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Middlemarch

by

George Eliot

Middlemarch
average rating is 5 out of 5

Classics, Romance

R. Alex Jenkins

Essentially, Middlemarch is a giant romance novel covering the relationships of various couples at the upper echelons of society about two hundred years ago. The ladies dress in silken frocks, the gentlemen sport cravats and everyone waltzes around in carriages to attend luncheons and dinner parties. It's formal and old fashioned, but George Eliot writes so well and enthusiastically it's totally captivating. I never imagined so much pleasure from this type of book, especially as I’m a sci-fi, dystopia and horror fan.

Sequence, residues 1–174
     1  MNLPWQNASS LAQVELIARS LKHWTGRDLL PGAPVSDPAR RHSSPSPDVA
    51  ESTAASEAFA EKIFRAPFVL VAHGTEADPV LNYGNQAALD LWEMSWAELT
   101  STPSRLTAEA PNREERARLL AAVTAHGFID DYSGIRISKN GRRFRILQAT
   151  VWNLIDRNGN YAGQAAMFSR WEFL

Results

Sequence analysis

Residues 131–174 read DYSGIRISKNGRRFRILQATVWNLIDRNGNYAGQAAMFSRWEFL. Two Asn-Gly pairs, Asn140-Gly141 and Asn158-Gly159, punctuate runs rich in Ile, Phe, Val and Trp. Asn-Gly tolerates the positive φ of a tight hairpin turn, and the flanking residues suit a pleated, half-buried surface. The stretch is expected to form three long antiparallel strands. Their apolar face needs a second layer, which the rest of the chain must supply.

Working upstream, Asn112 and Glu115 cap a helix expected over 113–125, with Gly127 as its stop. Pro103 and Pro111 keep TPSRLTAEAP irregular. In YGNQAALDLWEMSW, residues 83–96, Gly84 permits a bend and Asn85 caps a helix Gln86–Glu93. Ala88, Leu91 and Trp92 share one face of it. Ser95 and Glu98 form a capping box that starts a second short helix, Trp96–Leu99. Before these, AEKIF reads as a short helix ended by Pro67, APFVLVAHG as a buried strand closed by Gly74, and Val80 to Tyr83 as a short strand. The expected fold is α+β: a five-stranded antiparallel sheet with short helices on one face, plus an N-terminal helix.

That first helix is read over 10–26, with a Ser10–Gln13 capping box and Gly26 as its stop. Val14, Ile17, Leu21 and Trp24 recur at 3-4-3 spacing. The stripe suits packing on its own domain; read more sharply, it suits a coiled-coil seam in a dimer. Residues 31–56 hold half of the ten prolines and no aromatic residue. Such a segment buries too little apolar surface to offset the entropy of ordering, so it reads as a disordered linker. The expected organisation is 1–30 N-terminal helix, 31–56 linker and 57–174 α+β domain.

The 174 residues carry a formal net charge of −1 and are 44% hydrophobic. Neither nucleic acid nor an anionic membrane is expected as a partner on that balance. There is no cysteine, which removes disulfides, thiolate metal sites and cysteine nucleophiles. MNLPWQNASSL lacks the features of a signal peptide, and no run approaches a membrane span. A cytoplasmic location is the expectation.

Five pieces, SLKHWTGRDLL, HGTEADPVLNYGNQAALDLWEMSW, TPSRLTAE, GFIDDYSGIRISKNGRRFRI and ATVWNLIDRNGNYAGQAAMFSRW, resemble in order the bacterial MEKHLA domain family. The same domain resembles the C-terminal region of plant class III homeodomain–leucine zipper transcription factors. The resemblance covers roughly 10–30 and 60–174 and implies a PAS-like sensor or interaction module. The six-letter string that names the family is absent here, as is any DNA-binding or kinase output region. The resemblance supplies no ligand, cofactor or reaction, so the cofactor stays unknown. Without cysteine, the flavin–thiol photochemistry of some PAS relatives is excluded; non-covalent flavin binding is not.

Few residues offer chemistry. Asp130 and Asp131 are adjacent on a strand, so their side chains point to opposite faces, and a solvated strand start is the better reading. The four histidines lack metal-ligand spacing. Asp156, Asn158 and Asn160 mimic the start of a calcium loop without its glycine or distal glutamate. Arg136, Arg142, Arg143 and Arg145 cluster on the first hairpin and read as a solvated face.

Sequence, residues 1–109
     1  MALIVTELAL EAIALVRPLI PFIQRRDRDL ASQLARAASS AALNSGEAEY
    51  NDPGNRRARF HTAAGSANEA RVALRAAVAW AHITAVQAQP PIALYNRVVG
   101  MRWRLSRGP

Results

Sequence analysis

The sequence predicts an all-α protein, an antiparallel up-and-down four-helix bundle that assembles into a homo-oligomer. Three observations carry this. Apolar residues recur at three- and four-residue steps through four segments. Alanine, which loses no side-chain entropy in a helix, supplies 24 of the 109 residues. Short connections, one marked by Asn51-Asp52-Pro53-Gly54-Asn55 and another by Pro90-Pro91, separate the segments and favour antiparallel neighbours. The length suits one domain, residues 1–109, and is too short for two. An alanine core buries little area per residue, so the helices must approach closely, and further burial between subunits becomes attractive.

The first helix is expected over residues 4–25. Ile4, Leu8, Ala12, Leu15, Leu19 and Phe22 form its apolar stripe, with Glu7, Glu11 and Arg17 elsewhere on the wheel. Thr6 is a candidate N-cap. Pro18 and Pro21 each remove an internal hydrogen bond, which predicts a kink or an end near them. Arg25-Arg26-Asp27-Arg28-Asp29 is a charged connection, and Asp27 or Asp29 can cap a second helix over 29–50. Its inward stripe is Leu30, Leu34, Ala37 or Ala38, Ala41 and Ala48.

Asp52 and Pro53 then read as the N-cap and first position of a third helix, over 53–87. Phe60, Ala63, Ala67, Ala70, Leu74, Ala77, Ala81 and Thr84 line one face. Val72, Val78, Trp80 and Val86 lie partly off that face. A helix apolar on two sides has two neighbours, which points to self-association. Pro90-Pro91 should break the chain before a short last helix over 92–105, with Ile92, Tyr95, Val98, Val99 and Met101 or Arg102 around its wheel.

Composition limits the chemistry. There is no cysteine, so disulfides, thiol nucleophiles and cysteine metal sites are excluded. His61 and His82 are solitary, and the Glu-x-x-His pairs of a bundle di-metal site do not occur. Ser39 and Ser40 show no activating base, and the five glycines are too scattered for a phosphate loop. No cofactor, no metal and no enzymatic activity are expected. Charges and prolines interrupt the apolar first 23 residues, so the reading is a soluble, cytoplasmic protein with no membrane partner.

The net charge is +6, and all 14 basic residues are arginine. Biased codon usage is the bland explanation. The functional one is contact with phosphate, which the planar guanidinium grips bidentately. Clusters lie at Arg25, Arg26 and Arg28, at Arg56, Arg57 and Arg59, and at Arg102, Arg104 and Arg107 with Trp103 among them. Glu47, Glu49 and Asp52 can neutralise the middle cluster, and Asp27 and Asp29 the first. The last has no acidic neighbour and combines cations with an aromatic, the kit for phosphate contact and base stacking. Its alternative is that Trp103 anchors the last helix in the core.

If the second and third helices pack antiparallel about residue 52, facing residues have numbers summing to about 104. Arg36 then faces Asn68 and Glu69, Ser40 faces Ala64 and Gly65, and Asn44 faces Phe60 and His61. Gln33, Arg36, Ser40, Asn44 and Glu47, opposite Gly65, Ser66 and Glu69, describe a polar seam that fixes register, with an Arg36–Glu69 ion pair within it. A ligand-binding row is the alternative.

A book for romantic softies at heart then.


Relationships are constantly on a knife edge, which is much of the intrigue. Too much money is spent, maintaining status is a constant concern, emotions need to be kept in check and everyone is afraid of getting cut off or disgraced. Middlemarch portrays the constant wrangle of society rung-shifting, which is tiresome, let's face it, but it's the character dynamics that keep you going.


Middlemarch is rather long and requires a smidge of patience to get through, plus acceptance of subtle plot shifts, slowdowns and backtracks for it all to make sense in the end.


George Eliot (female) writes even better than Jane Austin in my subjective opinion, with less character tangles and name confusions, but you're still advised to use some accompanying notes to unravel possible muddles in the middle of the book.


So rewarding and lovingly constructed. I really enjoyed it!

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